Equity Bank: The Real Thing?

How had a Kenyan bank catering to the poor expanded so quickly, and could the financial institution continue growing after a post-2007 slowdown?
David Beim, Murray Low  | Fall 2011
Print this page

The Sanford C. Bernstein & Co. Center for Leadership and Ethics Case Series

It seemed almost too good to be true: over a six-year period, Kenya's Equity Bank had grown its assets more than twentyfold and reached 5.9 million customers from fewer than half a million. Behind the bank's growth was a charismatic chief executive, who had a mission to provide banking to poor clients. His strategy was supported by technology investments, allowing the bank to expand services such as mobile banking and ATMs. But growth had slowed after 2007, prompting questions about whether Equity Bank had hit a saturation point amid a tough competitive landscape. In this case students examine Equity Bank's financial statements, the Kenyan banking industry, and the bank's culture to examine the implications of this slowdown and how it might impact the bank's strategy going forward.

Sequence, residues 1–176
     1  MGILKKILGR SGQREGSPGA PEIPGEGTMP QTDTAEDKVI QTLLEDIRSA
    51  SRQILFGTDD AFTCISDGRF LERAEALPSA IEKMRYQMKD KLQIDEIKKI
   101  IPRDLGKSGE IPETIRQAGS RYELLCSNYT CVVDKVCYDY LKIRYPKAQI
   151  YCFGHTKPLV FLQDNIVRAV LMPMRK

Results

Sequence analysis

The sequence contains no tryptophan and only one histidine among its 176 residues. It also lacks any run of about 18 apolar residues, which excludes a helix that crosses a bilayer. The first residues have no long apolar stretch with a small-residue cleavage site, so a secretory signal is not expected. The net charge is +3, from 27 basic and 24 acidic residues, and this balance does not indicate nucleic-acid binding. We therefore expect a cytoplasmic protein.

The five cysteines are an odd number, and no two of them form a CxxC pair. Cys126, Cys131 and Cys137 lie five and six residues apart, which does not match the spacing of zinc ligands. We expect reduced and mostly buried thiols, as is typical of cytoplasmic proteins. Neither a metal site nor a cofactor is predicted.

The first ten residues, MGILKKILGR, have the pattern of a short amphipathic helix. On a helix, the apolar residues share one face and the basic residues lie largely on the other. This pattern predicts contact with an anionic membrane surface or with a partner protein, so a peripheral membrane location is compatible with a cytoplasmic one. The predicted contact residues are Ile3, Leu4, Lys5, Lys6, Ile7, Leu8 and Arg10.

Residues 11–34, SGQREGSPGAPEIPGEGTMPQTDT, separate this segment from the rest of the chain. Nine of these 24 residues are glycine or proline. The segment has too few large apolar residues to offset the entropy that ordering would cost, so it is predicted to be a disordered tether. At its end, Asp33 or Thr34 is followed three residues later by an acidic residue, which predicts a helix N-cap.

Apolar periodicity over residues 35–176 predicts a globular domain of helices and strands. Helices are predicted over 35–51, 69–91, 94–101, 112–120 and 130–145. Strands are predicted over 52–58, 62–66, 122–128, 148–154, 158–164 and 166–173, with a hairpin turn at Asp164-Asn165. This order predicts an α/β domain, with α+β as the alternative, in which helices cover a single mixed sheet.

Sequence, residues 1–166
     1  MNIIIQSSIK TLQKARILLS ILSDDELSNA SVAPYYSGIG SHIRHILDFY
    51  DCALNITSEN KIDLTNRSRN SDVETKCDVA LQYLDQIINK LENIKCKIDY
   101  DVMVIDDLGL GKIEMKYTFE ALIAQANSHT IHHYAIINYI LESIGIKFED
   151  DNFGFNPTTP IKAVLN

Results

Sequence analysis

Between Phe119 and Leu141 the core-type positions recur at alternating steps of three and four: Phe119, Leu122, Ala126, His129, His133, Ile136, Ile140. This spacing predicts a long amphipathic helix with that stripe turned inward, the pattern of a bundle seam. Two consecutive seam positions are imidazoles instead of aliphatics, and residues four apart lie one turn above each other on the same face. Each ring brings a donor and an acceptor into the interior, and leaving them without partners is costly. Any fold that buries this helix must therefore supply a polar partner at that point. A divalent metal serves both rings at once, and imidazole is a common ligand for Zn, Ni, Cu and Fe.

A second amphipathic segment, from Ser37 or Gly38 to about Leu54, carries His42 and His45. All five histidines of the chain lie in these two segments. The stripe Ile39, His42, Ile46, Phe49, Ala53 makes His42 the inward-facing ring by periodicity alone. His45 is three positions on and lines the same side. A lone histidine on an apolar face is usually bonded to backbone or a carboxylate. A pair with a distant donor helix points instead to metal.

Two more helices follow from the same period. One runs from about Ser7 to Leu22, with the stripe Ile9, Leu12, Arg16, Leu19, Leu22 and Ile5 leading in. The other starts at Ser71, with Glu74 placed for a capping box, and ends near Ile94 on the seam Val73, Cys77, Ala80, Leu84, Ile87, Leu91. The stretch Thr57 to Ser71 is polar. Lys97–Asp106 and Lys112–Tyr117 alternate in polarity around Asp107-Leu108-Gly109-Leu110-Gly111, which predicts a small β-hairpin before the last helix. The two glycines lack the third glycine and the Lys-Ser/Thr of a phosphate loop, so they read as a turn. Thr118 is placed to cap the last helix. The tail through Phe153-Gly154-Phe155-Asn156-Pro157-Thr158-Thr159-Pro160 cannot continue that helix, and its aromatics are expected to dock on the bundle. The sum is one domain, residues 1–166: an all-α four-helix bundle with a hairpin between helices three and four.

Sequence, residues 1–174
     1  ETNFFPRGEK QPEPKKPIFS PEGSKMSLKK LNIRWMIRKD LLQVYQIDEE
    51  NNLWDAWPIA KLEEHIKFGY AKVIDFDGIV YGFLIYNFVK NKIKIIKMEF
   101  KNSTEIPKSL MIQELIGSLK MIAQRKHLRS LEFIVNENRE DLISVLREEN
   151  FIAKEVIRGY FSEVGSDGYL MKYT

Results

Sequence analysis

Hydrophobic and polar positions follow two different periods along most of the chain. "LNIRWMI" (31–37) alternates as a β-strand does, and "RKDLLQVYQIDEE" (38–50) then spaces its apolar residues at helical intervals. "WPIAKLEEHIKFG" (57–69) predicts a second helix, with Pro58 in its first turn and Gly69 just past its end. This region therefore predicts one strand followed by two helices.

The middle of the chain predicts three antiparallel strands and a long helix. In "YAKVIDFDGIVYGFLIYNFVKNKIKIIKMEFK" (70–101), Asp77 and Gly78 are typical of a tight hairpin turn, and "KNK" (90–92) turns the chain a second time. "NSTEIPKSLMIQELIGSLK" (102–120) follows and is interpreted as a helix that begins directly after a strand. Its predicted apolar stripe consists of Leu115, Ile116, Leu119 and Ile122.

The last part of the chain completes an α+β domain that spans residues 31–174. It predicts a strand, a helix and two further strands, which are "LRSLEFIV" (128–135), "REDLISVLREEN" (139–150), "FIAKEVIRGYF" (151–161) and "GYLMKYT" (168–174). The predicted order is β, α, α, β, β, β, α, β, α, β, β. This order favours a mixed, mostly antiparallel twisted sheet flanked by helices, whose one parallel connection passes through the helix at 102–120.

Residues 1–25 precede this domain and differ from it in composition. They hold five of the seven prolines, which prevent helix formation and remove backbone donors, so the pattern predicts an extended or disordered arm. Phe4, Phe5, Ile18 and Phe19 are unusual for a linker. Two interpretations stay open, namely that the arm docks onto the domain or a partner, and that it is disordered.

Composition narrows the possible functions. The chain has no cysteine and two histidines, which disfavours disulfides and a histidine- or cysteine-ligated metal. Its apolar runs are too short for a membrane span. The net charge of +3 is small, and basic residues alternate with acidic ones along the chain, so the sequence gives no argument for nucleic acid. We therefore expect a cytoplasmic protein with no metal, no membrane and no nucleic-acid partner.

Case ID: 110308
Supplemental Materials: Teaching Note

Buy select cases through Ivey Publishing and Harvard Business Publishing.

Contact us by e-mail at Columbia CaseWorks or 646-745-8495.